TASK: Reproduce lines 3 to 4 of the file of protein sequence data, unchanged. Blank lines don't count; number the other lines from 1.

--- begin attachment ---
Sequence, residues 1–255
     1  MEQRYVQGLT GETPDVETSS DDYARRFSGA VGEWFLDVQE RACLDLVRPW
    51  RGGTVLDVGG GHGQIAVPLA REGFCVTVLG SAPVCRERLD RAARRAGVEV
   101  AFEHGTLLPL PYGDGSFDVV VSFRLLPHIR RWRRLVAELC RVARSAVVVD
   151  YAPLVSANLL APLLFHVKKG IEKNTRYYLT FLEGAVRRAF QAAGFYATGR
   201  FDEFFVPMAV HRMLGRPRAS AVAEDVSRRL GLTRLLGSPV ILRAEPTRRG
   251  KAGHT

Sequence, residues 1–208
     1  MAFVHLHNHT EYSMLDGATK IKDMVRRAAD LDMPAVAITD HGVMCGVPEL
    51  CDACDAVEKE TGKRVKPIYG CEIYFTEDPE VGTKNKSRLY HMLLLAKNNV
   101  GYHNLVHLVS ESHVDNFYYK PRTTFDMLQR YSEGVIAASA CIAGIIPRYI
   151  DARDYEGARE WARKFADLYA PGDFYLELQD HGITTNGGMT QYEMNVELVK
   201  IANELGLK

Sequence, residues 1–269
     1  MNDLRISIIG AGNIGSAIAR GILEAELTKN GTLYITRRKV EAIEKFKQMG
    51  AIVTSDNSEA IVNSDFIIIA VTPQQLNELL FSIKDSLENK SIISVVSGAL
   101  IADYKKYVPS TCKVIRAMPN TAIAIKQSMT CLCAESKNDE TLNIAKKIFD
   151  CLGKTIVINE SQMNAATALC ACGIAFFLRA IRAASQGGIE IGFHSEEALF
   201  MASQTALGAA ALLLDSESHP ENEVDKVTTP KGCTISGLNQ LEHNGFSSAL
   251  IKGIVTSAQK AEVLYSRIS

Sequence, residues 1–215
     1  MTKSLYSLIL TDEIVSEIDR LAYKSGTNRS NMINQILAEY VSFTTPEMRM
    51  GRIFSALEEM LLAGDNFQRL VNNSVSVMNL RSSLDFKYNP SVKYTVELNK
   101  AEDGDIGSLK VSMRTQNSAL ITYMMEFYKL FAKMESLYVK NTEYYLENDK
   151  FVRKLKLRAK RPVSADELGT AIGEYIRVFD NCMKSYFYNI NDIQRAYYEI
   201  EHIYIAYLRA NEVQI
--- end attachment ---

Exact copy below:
    51  RGGTVLDVGG GHGQIAVPLA REGFCVTVLG SAPVCRERLD RAARRAGVEV
   101  AFEHGTLLPL PYGDGSFDVV VSFRLLPHIR RWRRLVAELC RVARSAVVVD